The success of 2019’s The Chancery Lane Project has now, with the help of thousands of pro bono hours, created the Climate Contract Playbook and the Green Paper of Model Laws. Both are evidence that ‘the legal community has a responsibility to ensure the whole machinery of law, public and private, is brought into line with the objective of a just transition to a climate-resilient and net zero emissions economy’, as Lord Justice Carnwath states in his foreword to the Playbook. As Greta Thunberg says: ‘If not now, then when? If not you, then who?’ This call to action matters now more than ever.


Caroline May (partner, Norton Rose Fulbright), Matt Sparkes (head of corporate responsibility, Linklaters) co-chairs, Legal Sustainability Alliance


Victorian model

Despite significant reforms to legal representation over the past 15 years, we are still left with the continuation of a 19th-century model of a tiered profession. The report published by Professor Stephen Mayson (Register every lawyer regardless of qualification – Mayson review, 11 June) seeks to change that with reforms that would see a legal services market open to full competition, benefiting consumers and improving access to justice for all.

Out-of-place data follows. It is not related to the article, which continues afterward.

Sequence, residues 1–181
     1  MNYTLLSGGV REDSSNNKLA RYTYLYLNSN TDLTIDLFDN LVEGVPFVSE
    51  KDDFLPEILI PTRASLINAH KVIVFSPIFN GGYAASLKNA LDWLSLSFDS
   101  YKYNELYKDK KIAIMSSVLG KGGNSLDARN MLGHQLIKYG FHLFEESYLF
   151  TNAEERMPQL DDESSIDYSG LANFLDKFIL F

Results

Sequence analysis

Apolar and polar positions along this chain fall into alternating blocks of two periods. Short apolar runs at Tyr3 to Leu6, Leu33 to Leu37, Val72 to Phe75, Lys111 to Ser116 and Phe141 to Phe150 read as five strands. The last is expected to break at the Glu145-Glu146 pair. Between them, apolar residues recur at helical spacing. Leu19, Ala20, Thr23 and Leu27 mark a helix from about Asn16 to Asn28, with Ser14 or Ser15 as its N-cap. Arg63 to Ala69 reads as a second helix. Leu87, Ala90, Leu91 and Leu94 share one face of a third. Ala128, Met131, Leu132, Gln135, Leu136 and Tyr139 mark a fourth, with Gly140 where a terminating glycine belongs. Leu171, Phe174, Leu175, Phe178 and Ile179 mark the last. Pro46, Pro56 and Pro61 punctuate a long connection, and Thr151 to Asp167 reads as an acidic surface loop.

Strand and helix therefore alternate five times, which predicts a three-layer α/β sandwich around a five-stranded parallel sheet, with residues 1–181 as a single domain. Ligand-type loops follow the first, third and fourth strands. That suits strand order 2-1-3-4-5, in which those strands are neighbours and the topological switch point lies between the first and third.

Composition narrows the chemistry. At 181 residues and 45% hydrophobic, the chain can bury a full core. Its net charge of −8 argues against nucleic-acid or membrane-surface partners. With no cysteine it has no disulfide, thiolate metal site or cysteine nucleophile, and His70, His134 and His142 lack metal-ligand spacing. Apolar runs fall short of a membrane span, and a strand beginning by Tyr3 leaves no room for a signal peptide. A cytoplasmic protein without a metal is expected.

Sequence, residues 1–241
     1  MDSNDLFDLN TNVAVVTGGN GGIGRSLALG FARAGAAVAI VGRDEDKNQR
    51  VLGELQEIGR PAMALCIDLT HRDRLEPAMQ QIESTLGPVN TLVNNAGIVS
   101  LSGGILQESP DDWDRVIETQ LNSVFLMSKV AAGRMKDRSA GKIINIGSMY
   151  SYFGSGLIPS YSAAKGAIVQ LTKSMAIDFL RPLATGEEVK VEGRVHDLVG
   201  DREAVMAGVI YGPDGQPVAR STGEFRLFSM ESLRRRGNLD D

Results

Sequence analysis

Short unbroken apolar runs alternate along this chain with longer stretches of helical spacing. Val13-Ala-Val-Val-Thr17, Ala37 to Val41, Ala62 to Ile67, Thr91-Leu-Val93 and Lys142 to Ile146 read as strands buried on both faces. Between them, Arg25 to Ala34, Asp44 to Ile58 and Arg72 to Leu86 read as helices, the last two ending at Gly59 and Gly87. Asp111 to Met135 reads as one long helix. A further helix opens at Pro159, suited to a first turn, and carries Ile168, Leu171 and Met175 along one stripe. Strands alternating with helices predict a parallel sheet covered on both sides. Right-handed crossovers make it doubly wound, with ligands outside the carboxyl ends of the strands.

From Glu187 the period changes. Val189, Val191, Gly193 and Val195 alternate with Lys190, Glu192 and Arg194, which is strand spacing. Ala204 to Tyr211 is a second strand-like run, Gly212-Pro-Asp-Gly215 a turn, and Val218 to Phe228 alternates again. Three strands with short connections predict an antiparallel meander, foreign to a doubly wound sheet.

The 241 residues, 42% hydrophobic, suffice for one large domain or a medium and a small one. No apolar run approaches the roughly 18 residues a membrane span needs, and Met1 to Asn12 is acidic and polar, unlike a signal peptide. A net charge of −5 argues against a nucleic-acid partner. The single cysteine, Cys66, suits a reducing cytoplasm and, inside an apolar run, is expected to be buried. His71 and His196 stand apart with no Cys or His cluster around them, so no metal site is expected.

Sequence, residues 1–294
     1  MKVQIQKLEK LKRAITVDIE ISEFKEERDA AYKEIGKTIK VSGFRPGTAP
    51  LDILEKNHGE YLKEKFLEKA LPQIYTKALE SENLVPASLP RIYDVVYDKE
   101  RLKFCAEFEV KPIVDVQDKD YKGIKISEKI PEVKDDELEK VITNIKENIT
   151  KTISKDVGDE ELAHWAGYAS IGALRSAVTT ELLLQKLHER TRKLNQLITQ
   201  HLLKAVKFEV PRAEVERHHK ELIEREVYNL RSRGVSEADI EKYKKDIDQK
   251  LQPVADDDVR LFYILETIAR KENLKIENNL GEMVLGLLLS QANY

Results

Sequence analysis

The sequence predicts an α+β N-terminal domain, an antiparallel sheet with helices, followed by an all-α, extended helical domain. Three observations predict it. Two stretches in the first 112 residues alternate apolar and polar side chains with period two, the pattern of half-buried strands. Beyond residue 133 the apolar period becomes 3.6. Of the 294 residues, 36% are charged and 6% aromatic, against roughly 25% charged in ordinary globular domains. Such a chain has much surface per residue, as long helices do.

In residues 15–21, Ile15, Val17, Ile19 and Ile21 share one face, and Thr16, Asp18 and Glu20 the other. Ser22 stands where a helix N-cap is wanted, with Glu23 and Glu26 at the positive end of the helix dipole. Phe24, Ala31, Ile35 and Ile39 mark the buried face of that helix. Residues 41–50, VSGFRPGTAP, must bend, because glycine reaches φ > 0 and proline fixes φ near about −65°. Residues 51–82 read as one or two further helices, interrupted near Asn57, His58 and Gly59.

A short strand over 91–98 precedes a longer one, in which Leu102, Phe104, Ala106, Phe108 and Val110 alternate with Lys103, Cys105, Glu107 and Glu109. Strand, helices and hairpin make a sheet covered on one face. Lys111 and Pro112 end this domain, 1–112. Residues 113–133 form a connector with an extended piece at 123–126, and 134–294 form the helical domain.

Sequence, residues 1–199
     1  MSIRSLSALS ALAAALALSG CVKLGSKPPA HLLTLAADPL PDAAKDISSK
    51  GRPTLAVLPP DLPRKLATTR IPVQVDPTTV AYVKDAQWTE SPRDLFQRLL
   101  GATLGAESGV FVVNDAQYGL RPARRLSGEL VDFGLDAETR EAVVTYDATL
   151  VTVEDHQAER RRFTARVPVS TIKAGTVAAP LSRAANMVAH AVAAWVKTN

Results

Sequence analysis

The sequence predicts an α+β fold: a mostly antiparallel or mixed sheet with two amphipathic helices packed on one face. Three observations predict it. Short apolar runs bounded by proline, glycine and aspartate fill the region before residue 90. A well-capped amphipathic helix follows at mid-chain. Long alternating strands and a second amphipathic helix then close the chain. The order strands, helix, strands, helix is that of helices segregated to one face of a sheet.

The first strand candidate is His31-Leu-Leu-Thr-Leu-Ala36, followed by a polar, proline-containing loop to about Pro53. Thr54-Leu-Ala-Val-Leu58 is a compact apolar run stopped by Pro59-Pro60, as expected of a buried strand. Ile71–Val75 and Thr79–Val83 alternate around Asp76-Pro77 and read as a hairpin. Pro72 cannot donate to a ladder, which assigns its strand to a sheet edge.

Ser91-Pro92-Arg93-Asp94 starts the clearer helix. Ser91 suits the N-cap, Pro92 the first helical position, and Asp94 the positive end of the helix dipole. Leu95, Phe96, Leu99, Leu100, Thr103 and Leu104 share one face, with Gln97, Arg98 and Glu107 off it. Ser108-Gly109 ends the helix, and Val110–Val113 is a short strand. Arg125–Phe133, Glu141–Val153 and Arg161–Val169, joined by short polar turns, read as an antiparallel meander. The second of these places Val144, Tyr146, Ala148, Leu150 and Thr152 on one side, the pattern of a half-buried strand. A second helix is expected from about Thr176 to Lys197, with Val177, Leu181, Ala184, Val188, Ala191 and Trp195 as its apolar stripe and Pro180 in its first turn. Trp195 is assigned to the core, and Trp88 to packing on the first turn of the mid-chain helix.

In our view the initial knee-jerk reactions from the Bar Council, Law Society and others are disappointing. Consumers and young people looking for legal careers deserve better.


Now is not the moment for narrow sectional interest to take precedence over the need to make the changes that will achieve our shared goals of equity of access to justice and effective legal redress.


The continuing insistence on professional differentiation based on whether or not a lawyer has qualified through academic study or through learning on the job is entirely inappropriate in a modern society and often means excluding lawyers from diverse social backgrounds.


There is far more to be gained for society as a whole by engaging constructively with these important proposals than will be lost in terms of perceived self-importance. There is a need for a constructive dialogue about how we can make our profession genuinely diverse, inclusive and able to deliver effective legal services in a digital world.


Professor Chris Bones

Chair, the Chartered Institute of Legal Executives, Bedford